Kohli missed out on a chance to score big on a surface that had little in it for the bowlers when he was strangled down the leg-side by Josh Hazlewood for 23. The Indian skipper, though, was impressive with his captaincy, rotating his bowlers cleverly and manoeuvring the field with authority. Kohli will end the Tests as India’s third-highest run-scorer in the series but will be most satisfied with the way the team stepped up.
Recalled into the side leaving experts baffled, Labuschagne was listless with the ball, bowling quite a lot of full tosses. He was asked to occupy the crucial no.3 spot and surprised quite a few by showing more determination than some of the more illustrious names in the side. His stay, though, came to an end after a 95-ball 38 with Kohli expertly navigating his leg-side field to eke out a wicket and Rahane pulling off a stunner.
Handscomb did his bit to justify the recall but Australia need more than fancy 30s from their batsmen. Thwarting criticism for a while, Handscomb showed more composure than some of his teammates but Bumrah worked him over with the new ball, plugging in a few back of a length deliveries before going fuller and forcing an inside edge. Handscomb's technical issue was once again brought to the fore as he stayed on his back foot for the fuller one and chopped on.
Cummins steamed in ball after ball but with no movement and less swing on offer, he failed to be as effective as he was in Melbourne and also bowled on the shorter side which helped the Indian batsmen counter him with more ease. Cummins’ back of a length channels weren't suited to the wicket and he failed to adapt in time to the length change needed. He was once again resistant with the bat and will end the series as one of Australia's rare positives.
Usman Khawaja went back to opening the batting, a position that has seen him score two hundreds and as many half-centuries in five innings. That kind of form wasn't on display at The SCG even though he stitched together a half-century stand with Harris. He played a deplorable shot off Yadav to walk back for 27.
Hazlewood was largely ineffective on a surface that had no lateral seam movement and was used with the new ball alone. He sent back the Indian skipper and KL Rahul but appeared tired and listless in his latter spells as Pujara, Pant and Jadeja took turns grinding him down.
Like Kohli, Rahane missed out on a chance to score big but unlike his skipper, Rahane needed a solid knock to stabilise his place in the XI particularly with the likes of Hanuma Vihari, Pant and Mayank Agarwal stepping up. Rahane will end the series with an average of 31.00 and a couple of half-centuries but a knock that would secure his place in the XI for a while was missing.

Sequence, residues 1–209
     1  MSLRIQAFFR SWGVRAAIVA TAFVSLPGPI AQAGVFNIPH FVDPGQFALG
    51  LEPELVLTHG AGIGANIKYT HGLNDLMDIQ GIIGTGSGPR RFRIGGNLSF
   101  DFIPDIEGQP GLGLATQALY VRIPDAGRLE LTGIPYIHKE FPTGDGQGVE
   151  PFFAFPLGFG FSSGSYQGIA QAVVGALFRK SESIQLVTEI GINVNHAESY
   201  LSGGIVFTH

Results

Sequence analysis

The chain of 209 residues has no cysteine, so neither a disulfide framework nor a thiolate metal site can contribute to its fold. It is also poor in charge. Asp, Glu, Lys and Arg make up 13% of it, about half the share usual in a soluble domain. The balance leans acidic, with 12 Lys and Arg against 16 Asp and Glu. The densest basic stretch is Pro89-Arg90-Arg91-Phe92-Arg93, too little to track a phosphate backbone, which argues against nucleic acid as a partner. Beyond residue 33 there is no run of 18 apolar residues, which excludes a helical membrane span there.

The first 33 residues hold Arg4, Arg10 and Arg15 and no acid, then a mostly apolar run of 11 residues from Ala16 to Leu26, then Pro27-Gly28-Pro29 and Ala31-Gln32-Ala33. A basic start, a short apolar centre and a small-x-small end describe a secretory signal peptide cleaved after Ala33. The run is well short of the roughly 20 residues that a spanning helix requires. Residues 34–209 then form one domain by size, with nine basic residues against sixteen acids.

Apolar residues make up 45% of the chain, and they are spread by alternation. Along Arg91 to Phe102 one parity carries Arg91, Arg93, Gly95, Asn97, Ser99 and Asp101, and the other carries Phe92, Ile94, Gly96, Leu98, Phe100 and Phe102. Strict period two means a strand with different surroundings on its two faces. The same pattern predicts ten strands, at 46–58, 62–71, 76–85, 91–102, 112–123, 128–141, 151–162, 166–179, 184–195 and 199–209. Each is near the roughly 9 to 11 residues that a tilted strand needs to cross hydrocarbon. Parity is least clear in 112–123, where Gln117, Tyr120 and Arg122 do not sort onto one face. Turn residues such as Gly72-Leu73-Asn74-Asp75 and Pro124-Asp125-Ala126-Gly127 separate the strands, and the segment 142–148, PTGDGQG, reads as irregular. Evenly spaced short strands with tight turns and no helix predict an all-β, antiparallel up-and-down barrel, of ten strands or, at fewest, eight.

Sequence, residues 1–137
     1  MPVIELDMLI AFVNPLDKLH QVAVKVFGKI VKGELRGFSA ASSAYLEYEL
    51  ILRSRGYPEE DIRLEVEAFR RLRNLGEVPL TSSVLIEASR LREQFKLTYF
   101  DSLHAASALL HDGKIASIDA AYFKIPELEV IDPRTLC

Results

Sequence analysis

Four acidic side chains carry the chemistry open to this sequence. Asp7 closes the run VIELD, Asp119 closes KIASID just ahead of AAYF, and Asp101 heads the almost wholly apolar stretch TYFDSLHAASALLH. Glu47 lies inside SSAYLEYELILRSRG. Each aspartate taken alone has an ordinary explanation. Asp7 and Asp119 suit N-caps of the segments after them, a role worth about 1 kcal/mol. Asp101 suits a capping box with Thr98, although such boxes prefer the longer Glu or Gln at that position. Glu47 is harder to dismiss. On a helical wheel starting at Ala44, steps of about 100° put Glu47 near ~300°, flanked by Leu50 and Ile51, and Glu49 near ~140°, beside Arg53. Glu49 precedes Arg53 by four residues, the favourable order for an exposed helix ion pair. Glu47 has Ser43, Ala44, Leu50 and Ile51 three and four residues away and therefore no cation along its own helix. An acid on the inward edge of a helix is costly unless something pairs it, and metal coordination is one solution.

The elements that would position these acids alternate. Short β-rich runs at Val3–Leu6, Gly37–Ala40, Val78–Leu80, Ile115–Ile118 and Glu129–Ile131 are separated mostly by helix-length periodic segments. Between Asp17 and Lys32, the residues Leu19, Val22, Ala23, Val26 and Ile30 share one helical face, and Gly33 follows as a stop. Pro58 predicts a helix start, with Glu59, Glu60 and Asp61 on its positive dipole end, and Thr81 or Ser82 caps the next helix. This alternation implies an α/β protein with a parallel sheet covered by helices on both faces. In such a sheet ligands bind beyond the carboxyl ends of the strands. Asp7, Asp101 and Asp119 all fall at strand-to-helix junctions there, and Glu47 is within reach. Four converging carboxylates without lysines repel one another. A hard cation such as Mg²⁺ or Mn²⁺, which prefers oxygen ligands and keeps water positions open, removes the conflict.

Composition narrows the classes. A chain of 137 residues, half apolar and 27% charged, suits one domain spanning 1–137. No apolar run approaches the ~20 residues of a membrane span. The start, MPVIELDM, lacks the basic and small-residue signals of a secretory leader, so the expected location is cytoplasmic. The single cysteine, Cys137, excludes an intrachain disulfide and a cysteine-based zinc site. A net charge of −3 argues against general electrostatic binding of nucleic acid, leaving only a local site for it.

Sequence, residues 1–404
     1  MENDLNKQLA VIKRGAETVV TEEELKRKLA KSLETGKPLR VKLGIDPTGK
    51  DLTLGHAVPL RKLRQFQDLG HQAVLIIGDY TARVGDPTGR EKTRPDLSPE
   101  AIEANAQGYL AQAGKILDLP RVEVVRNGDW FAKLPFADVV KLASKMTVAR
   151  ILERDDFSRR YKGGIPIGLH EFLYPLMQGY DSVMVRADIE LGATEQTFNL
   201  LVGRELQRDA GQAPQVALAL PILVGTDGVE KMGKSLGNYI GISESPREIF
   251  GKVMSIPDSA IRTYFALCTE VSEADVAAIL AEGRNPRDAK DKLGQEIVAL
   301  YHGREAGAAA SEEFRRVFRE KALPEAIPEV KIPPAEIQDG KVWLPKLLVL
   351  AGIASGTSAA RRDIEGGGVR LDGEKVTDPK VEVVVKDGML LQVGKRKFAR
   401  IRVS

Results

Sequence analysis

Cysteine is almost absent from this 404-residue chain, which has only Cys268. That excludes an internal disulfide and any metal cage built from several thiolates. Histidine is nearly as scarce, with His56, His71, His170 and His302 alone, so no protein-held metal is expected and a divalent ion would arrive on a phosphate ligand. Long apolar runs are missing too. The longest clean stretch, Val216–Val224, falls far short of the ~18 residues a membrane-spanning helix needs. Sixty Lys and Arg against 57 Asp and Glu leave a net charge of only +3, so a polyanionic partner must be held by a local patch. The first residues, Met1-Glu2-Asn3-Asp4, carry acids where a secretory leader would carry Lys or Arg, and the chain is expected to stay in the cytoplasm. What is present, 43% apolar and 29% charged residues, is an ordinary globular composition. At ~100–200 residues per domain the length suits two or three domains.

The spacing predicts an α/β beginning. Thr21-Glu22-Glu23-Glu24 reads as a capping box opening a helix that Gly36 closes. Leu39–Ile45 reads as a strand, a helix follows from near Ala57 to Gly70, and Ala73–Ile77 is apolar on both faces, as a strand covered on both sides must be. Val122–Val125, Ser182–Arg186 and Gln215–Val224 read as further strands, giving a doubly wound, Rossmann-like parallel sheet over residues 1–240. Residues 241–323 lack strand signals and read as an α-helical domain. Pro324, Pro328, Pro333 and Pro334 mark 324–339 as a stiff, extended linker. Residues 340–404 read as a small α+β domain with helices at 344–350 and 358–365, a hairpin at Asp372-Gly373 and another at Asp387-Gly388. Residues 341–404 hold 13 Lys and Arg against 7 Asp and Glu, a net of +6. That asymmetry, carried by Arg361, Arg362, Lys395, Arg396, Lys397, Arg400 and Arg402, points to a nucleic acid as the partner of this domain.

Head will end the series as Australia's second highest run-scorer but the resilience and determination he showed in the first two Tests was evidently missing here at Sydney. He took his time to settle in but threw it away by drilling a full toss from Kuldeep straight back to him. With the team in dire straits, Head needed to stay put and show the way but instead played a forgettable shot to end the series on a sour note.
Rahul's wretched tour continued as he slashed at a wide Hazlewood delivery to edge to the cordon early on. The Karnataka opener was brought back into the XI wit the opening slot left vacant with Vihari moved down the order, but he failed to justify the faith placed on him with another poor shot. His tally for the series after 5 innings is 57 which includes four single-digit scores. Rahul will have to make way for Prithvi Shaw once he returns and work hard to get back into the side.
Marsh made another single-digit score as he misread Jadeja's arm ball and drove at it only to edge to Rahane at slip. The experienced Aussie batsman appeared out of sorts in most innings in the series and will be lucky if he isn't dropped ahead of the Sri Lankan series.
Tim Paine was poor with his captaincy, rotating his bowlers around and wasn't to dictate matters. His field placements were questionable and the authority and cheekiness he showed early in the series went missing. His only plan to Pujara and Pant seemed to be to ask his seamers to bowl short with a leg-side heavy field. With no Plan B, Paine ended the series with a miserable few days in the field at Sydney. He was flummoxed by a Kuldeep special while batting, the ball sneaking in past his drive to shatter the stumps.
The Aussie seamer was pretty poor with his line and length and despite clocking an average speed in the high 140s in the series, Starc was anything but threatening. He wasted the new ball with his wayward line and length and was mostly too full or too short and his inconsistency led to 26 overs with no maidens to his name. Starc will have to answer quite a few critics for his lacklustre performance in the Test and series.
Rating chart: 10-9: Excellent, 8-7: Good, 6-5: Average, 4-3: Poor, 2-1: Very poor